When Jesus said, “pray for those who spitefully use you and persecute you” (Matthew 5:44b, NKJV), he was teaching people who suffered under extreme oppression. The Roman authorities were known for their cruel tactics and utter disregard for the Jewish people they terrorized.
We in the West have been shocked by the cruelty exhibited in videos produced by the self-proclaimed Islamic State (ISIS). Stories of their brutality naturally push us toward hatred and fear. But in contrast to our natural inclinations, Jesus calls us to pray for our persecutors. We should pray that they will come to know the truth of Christ and that many will experience “Saul-to-Paul” transformations, becoming the next wave of bold evangelists in their region.
What about those who are persecuted? When we ask persecuted Christians how we can help, their first response is, “Pray for us.” Through prayer, some persecuted believers have experienced supernatural deliverance. Abu Fadi, a brother from Mosul who lost everything when ISIS militants attacked, was miraculously rescued along with his family after being detained at an ISIS checkpoint. Perhaps a believer in America was praying at that precise moment, lifting up the plight of our Iraqi family members. The story of God’s supernatural intervention in Abu Fadi’s life is told in VOM’s new book, I Am N. The book will help you learn more about what our persecuted family members face and how to pray more effectively.
2. Reveal the Love of Christ to Muslims
When ISIS extremists moved into northern Iraq, they began identifying Christian-owned homes and businesses by spray-painting the Arabic letter ﻥ, or “N,” on the buildings. This single letter, the first letter of the word used in the Quran to identify Christians, conveyed the powerful accusation that the occupants were followers of Jesus.
Our Christian brothers and sisters were then given the choice of either converting to Islam or standing for Christ and losing everything they owned. In Mosul, the second largest city in Iraq, more than 100,000 Christians were displaced, abducted or killed in less than one week.
How should Christians respond to this type of cruel treatment? Jesus provides clear instruction in His Sermon on the Mount: “But I say to you, love your enemies, bless those who curse you, do good to those who hate you” (Matthew 5:44a, NKJV).
I have seen firsthand how persecuted Christians live out their faith and observed the remarkable ways they share the love of Christ with their enemies. The VOM book I Am N explores the themes of sacrifice, courage, perseverance, faithfulness and two other themes that many find surprising — forgiveness and joy.
During a memorable trip to northern Nigeria, I met a widow whose husband had been killed by Boko Haram. The woman said she often saw the man who had killed her husband walking through her village. Then, remarkably, she told me that with God’s help she was learning to forgive him. I was stunned by her response and deeply inspired by her example. Through God’s grace, it is even possible to share Christ’s love with the extremist who killed your husband.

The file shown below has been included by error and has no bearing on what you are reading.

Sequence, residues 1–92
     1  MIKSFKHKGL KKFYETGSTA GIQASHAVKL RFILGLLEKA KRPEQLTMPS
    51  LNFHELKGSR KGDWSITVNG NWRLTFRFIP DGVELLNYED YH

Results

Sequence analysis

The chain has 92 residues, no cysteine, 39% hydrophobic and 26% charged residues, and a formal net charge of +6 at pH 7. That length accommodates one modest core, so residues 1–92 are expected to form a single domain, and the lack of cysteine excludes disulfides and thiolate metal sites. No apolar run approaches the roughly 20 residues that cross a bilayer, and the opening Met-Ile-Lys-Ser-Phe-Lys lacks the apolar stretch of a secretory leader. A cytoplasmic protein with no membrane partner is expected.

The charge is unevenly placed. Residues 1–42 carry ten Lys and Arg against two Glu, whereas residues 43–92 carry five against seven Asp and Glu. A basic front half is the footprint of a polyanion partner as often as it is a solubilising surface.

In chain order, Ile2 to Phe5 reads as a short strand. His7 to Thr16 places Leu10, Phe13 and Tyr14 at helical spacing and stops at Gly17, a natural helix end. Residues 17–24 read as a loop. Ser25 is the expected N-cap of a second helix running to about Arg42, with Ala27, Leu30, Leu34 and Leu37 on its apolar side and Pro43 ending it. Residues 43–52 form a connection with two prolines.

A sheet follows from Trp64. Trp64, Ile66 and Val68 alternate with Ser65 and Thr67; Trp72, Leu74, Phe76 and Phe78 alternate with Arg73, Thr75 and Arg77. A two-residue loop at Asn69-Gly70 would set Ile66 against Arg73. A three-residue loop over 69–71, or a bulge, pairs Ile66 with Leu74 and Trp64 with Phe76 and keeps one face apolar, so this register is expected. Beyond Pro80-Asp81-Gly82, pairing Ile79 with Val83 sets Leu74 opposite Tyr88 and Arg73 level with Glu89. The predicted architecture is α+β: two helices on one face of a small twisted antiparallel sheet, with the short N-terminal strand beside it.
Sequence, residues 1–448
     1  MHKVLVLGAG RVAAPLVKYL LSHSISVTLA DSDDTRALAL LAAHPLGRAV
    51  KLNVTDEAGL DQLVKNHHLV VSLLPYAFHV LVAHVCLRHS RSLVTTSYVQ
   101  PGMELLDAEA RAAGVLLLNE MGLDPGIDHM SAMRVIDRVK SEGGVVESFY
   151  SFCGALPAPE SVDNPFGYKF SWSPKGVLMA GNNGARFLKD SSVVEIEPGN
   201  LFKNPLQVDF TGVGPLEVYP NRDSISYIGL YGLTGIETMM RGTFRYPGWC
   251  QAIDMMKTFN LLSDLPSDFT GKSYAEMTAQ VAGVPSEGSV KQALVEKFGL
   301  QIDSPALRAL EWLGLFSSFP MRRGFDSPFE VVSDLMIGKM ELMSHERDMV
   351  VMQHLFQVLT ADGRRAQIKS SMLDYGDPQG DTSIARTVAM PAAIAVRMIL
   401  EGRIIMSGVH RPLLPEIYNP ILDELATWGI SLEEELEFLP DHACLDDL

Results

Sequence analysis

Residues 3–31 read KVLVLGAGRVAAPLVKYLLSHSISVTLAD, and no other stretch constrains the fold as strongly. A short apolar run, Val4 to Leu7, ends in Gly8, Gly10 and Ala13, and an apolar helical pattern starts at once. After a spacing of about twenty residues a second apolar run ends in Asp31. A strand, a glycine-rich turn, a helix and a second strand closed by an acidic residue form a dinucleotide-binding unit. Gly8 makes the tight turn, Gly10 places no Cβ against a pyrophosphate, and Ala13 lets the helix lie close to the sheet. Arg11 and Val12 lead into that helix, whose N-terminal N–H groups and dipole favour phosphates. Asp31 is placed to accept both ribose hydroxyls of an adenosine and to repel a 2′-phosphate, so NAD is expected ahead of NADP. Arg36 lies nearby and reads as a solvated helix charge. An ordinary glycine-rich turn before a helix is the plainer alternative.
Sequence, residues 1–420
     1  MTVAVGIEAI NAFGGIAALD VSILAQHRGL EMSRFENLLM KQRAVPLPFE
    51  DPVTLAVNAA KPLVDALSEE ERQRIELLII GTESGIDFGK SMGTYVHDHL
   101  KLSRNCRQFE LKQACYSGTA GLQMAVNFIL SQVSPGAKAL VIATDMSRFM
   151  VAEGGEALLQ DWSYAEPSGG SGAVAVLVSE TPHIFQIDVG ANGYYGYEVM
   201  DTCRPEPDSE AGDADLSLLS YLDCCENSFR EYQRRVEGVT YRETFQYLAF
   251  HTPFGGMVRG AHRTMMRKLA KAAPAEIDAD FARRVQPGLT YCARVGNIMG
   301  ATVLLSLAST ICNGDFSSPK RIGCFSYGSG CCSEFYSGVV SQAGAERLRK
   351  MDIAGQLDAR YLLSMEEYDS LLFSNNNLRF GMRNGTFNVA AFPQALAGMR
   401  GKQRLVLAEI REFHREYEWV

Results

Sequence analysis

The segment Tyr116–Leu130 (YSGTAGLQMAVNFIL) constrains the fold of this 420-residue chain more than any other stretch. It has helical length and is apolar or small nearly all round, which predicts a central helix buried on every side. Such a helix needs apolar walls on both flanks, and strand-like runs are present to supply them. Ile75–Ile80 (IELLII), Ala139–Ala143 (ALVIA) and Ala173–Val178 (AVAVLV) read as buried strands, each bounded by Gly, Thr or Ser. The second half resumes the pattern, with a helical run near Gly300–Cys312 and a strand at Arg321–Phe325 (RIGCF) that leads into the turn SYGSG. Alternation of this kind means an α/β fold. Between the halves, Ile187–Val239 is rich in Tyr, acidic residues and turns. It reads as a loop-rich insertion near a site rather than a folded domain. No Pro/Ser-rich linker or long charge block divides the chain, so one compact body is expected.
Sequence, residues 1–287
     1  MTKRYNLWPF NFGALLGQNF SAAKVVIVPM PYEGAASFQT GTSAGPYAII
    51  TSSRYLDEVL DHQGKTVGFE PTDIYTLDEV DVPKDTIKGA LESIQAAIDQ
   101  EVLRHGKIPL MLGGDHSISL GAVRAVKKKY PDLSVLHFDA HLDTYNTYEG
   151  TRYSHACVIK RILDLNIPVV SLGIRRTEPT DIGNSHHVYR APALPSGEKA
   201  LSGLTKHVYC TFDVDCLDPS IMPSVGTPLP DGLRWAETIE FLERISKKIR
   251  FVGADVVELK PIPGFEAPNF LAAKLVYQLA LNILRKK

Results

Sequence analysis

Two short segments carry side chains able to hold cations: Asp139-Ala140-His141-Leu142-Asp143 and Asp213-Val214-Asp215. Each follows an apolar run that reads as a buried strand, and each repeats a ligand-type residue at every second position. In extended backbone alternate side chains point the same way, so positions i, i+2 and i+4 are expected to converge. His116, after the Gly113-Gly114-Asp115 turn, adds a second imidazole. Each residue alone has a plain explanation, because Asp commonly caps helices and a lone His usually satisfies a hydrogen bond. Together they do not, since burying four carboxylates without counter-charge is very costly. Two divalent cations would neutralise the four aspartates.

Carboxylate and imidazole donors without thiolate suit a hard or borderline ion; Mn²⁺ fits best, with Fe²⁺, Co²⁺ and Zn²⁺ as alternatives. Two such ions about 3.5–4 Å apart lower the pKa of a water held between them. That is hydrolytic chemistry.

3. Stand with Our Persecuted Family Members
Scripture reminds us that we are to “Remember the prisoners as if chained with them — those who are mistreated — since you yourselves are in the body also” (Hebrews 13:3, NKJV).
What does it mean to “remember” them? At VOM, it means that we will do whatever we can to provide the spiritual and physical help that they need. This year, we are working with persecuted Christians in 68 countries around the world. We serve them through persecution response projects, Bible distributions and support of front-line workers who are advancing God’s kingdom.
God has made it possible for us to deliver more than $5 million in aid to those affected by ISIS, and we will continue to visit them, pray for them and serve alongside them.
Today, you have Christian brothers and sisters who are in prison. You have family members who have been kidnapped by ISIS in Syria. Parents, siblings and children in our family are being mistreated. But as followers of Jesus, we are confident that they are never truly alone.
On April 13, 1969, Pastor Wurmbrand stood before an audience at London’s Royal Festival Hall and shared about his prison experiences: “You are alone in a cell; they meant you to be alone. But, we were not alone!”
I have met and prayed with Christians who have been held captive and faced unimaginable tortures. But they report that God was with them; they supernaturally experienced His presence. Some even share that these dark times were the times of greatest intimacy with their Father in heaven.
We invite you to partner with us as we stand alongside our persecuted brothers and sisters, who remain joyful and blessed by their relationship with Christ despite having lost everything they own. These Christians are our family members — part of the body of Christ. We will not let them suffer in silence. We will not let them serve alone.
Learn more at www.i-am-n.com.
As a global voice for our persecuted family members, Dr. Jason Peters travels frequently to meet face-to-face with persecuted believers around the world. Peters was executive editor of I Am N: Inspiring Stories of Christians Facing Islamic Extremistsand host of the I Am N video curriculum (David C Cook, March 2016). Jason and his wife Kimberly ministered overseas for several years, where two of their five children were born.